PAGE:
Yes, There’s Poetry

September 12, 2015

I was reading the Bible with someone recently, when the reader said: “This looks like poetry.” We happened to be looking at a verse in Lamentations, so I replied, “Yes, Lamentations is a series of five poems that correspond to the five chapters of the book.” I could have said more. The poems are laments over the destruction of Jerusalem in 586 B.C. The first four poems are acrostic poems. Chapters 1, 2, and 4 has each line begin with the next letter of the Hebrew alphabet, which has twenty-two letters leading to twenty-two lines (or verses). Chapter 3 has each letter of the alphabet three times for a total of 66 lines.

Knowing when you are looking at poetry is helpful. It wasn’t until the publication of the RSV in 1952, that readers were alerted to all the poetry found in the Bible. Previous versions may have printed the psalms in poetic format, but the poetry of the Bible extends beyond the psalms. At least one-third of the Old Testament is in poetry.

Although meter and rhythm are a part of biblical poetry, they are a part that is difficult to reproduce in translation. The main characteristic, however, is parallelism which can be reproduced easily in translation. In 1750 Robert Lowth argued for three basic types of parallelism. The three types are synonymous, antithetical, and synthetic.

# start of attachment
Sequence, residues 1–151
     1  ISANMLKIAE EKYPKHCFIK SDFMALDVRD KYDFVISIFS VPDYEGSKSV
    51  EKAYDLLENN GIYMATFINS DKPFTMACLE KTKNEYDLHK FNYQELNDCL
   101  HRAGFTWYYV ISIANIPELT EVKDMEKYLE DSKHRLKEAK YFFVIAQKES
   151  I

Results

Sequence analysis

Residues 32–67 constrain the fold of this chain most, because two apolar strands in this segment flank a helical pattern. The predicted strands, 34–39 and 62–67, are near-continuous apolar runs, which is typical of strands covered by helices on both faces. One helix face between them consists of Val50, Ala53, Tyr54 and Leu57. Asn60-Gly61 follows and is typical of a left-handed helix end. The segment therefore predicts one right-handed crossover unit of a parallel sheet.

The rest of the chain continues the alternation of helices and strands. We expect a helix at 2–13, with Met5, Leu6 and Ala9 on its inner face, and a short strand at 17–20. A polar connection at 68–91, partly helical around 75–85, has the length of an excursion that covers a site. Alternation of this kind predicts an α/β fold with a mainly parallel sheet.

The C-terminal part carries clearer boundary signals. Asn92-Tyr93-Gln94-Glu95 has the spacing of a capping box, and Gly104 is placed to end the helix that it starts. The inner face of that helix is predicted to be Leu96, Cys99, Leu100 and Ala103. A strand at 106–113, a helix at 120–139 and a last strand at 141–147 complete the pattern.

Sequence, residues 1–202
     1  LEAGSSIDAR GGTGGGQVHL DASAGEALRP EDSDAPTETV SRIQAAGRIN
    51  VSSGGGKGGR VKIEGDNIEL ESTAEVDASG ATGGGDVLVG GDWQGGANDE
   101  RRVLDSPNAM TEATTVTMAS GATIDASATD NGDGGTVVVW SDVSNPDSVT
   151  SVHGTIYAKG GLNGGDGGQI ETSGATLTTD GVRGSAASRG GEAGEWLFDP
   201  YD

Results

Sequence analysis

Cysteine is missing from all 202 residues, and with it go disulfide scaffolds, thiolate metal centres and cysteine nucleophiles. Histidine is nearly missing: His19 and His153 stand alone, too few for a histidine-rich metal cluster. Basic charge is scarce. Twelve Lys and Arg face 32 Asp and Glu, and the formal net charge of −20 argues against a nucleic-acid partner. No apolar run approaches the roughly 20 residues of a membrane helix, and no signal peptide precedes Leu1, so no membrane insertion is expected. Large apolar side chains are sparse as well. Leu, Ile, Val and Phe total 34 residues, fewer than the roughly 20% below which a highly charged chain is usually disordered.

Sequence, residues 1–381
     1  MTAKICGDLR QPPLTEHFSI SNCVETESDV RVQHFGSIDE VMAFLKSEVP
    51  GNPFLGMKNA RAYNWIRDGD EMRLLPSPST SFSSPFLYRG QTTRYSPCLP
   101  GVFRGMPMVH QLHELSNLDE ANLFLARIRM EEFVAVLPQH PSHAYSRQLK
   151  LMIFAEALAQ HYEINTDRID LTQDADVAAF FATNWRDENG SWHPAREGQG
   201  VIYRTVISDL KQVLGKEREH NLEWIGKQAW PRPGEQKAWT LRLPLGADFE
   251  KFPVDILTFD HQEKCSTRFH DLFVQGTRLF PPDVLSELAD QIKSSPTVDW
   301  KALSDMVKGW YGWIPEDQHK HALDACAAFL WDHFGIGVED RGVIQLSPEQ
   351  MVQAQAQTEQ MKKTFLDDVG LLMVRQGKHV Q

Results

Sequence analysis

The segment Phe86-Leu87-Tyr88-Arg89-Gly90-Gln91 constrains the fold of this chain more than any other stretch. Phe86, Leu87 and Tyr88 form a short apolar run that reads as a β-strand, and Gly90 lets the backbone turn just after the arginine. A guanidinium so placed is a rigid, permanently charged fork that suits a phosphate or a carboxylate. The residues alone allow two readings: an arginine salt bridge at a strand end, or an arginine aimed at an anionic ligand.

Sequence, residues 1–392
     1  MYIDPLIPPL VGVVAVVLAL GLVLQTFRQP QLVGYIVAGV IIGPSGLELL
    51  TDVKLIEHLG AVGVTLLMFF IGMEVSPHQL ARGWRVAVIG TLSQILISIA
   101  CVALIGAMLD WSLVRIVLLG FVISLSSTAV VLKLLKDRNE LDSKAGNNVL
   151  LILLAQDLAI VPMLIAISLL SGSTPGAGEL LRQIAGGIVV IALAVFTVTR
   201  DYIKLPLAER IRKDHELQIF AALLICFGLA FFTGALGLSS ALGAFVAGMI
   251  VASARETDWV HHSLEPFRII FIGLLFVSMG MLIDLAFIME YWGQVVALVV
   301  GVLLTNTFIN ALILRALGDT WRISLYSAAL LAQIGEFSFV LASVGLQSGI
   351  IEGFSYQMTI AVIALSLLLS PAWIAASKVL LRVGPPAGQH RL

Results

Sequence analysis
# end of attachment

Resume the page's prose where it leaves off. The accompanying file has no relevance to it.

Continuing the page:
Synonymous parallelism means the second line repeats the meaning of the first line often matching it grammatically as well. More recent scholars have tweaked the idea of synonymous parallelism. They suggest that even in the repeating of an idea, there may be clarification of the idea in the second line. Antithetical parallelism means the two lines are saying the opposite, that is, the second line is providing a contrast. Synthetic parallelism occurs when the second line is adding ideas to the first.

Recognizing when you are reading poetry in the Bible is helpful. You will expect more imagery and figurative language in poetry. Knowing something of the structure of Hebrew poetry will also aid your understanding and appreciation of the Bible’s poetry.

When it comes to Bible reading, yes, there’s poetry.

The Library

September 4, 2015

The word Bible comes to us from the Greek word, biblos, which simply means book. Yet the Christian Bible is in reality a library of books. The ability to carry around this library in a bound format came with the advent of the codex. We would simply call the codex a book format, but this was the format that replaced the scroll and was introduced in the first century A.D. It’s compact size and capability to access pages randomly gave many advantages.